You’re Daniel Jones.
Your receivers on this day are named Slayton, Pettis, Johnson, Ross, Engram and Rudolph.
Your blockers on this day are Peart, Hernandez, Price, Skura and Solder.
Your mandate, as the franchise quarterback, appears to be Mission Impossible: Elevate the play of everyone in your huddle, and somehow lift your team to the finish line, if there is any possible way.
Against all odds, Daniel Jones found a way.
And when Giants 25, Panthers 3 was over, you could imagine the possibilities when Kadarius Toney and Kenny Golladay and Sterling Shepard and Saquon Barkley and Andrew Thomas are all back healthy.
Because if Daniel Jones can thrive on a day like this, with his arm, with his legs, and heavens to OBJ, with his right hand and right hand only, it offers real promise that he is more ready than he has ever been to take that next step and grow into this franchise’s franchise quarterback, fugeddabout anyone else.
“QB1, RB1, wide receiver today,” Logan Ryan said.
Of course Daniel Jones would need help, and he got it:
From an angry old-fashioned Giants defense that showed some pride and fight and actually got after the quarterback with ferocity (six sacks) and refused to let Matt Rhule’s running game (56 yards) establish an identity and sent Sam Darnold to the bench early in the fourth quarter.
From an unlikely source: embattled play-caller Jason Garrett, who dialed up the play that awakened Giants fans from their slumber and electrified the home team and the sideline.
The fish didn’t stink from the head down.
For once, it didn’t stink at all.
The Giants are 2-5, and at last Giants fans could stick around and cheer Jones take a couple of knees from the victory formation and head for the parking lots clinging to this belief:
We ain’t dead yet.
They ain’t dead yet if Jones (23-for-33, 203 yards, 1 TD, 0 INT, 8-28 rushing, 1-16 receiving!) can dominate the opposing quarterback the way he did on Sunday as the spearhead of a formula that features no turnovers and complementary football from Big Blue.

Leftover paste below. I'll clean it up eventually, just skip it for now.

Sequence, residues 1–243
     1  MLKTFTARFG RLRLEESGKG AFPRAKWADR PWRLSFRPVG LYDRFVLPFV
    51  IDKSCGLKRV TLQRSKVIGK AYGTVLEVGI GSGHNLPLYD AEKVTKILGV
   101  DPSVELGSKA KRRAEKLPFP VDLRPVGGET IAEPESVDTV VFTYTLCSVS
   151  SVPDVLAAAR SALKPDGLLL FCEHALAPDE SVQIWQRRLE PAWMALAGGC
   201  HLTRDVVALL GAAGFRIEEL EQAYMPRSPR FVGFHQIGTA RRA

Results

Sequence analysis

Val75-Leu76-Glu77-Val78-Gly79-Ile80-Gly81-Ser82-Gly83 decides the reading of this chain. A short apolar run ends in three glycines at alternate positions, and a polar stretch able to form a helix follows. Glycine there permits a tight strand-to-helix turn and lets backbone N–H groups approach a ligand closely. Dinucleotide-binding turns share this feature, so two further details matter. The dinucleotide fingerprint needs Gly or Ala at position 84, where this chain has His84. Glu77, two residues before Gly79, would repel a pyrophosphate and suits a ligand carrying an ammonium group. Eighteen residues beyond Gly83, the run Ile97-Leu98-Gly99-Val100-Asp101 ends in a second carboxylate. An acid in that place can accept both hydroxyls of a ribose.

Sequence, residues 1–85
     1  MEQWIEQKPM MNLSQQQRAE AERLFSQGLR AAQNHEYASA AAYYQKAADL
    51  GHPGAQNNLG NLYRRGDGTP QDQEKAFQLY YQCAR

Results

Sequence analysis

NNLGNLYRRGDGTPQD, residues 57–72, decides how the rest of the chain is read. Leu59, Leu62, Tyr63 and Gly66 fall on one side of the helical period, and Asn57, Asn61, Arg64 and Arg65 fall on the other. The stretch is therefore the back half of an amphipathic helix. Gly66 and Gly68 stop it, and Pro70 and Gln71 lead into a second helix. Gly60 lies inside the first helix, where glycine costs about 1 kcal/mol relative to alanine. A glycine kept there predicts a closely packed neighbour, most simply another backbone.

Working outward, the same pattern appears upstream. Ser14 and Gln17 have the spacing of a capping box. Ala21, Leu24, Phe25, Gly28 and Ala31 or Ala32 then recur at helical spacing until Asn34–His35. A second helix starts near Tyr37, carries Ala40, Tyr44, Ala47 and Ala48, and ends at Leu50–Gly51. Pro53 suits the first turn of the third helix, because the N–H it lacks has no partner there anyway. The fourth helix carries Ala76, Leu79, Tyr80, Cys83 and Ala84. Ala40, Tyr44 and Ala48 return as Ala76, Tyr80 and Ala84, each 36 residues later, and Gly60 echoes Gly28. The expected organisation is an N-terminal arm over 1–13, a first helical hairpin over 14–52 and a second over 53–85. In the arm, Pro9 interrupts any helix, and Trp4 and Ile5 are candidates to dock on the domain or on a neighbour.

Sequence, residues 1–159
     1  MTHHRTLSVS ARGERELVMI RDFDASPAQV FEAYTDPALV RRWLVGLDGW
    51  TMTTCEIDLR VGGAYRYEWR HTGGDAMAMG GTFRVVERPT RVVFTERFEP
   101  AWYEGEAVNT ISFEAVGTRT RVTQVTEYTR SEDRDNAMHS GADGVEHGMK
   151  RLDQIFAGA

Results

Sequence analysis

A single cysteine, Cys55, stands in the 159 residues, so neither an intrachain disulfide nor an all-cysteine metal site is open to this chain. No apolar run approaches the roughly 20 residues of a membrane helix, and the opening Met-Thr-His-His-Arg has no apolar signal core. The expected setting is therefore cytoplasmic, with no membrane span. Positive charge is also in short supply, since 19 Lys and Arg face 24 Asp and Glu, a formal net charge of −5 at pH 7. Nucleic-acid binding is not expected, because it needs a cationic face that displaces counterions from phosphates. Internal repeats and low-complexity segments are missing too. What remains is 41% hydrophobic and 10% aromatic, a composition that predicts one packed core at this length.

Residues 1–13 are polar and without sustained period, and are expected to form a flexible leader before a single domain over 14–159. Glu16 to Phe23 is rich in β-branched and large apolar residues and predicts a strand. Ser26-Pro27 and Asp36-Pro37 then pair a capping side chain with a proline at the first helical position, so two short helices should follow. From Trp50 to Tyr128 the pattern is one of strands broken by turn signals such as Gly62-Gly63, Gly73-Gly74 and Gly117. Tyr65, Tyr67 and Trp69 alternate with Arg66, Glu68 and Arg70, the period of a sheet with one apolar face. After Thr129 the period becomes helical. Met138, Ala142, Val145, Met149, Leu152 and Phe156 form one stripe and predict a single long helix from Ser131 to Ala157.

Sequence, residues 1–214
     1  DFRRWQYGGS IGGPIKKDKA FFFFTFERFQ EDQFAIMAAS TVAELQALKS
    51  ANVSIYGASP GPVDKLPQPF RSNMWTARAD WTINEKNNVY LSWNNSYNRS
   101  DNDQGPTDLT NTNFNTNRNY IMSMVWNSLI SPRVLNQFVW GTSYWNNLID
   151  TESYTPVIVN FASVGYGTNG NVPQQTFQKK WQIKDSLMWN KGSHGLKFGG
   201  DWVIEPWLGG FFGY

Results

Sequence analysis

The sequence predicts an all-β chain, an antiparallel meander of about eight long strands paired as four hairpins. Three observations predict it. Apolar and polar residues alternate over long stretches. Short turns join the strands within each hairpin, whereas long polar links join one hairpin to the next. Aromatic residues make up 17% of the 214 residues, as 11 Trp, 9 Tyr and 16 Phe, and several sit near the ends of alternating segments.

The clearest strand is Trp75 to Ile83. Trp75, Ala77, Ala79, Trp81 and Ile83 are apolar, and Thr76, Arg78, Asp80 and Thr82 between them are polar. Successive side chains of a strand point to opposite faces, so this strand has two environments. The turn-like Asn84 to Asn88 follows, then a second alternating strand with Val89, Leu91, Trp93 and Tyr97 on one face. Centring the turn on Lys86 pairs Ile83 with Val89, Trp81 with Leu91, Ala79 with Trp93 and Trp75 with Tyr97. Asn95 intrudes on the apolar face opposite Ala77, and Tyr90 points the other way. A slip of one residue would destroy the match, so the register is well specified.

One play call, one play, one catch from Jones changed everything.
And for the first time in what seemed like an eternity, a roar erupted from the stands and you heard:
“Let’s Go Gi-ants … Let’s Go Gi-ants … Let’s Go Gi-ants.”
At the time, it felt like the middle of the third inning, Giants 5, Panthers 3, first down at the Carolina 48.
Devontae Booker took the handoff, handed the ball to Dante Pettis, who was running to his right, who looked downfield for … Jones.
“I thought Jason and the staff did a really good job of early in the week identifying how we were gonna play this game,” Joe Judge said.
Let Jones use his legs, let him roll to the right and either run or throw accurately on the move against a speedy and aggressive defense.
“I thought it was a really good plan going in,” Jones said.
Jones isn’t Lamar Jackson, or Jim Thorpe, but you’d sure bet on him in a decathlon over Eli Manning. He gives you a Jersey Special option.
“[Quarterbacks coach] Jerry Schuplinski pulled that out of the vault this week, but it wasn’t like he invented the play either,” Judge said.
It was a 16-yard catch, and six plays later, Jones returned the favor with a 5-yard TD pass to Pettis, and it was Giants 12, Panthers 3.
Jones doesn’t remember catching a pass even in high school. He was smiling from here to Duke as he said: “It was a pretty unathletic route getting out there.” He chuckled and added: “He put it out there for me, and just tried to pull it in.”
They had worked on the play in practice with intermittent success. Jones had actually made a one-handed grab on one occasion.
“I think it was a good throw,” Jones said. “I don’t think the route was very good, and I don’t think I was moving very fast. And I’ve been on the other end of that … I get mad at guys, I did the same thing there.”
Pettis — of course he wears Odell Beckham Jr.’s old 13 jersey — recalled throwing a TD pass at the University of Washington.
“I did think he slowed down a little bit, and that’s a no-no, you know? Pettis said, and smiled.
It wound up a yes-yes at the end of which Jones absorbed a hellacious hit from safety Sean Chandler.
“I’m not surprised. The guy’s an athlete,” Graham Gano said. “He caught a one-handed catch, right? It was awesome. Gotta get a still shot of that and get it signed.”
The Giants found a way to win.
“We believe in who we are as team, what we’re doing as a team, and where we’re going,” Jones said.
It’s the franchise quarterback who gives a franchise belief.
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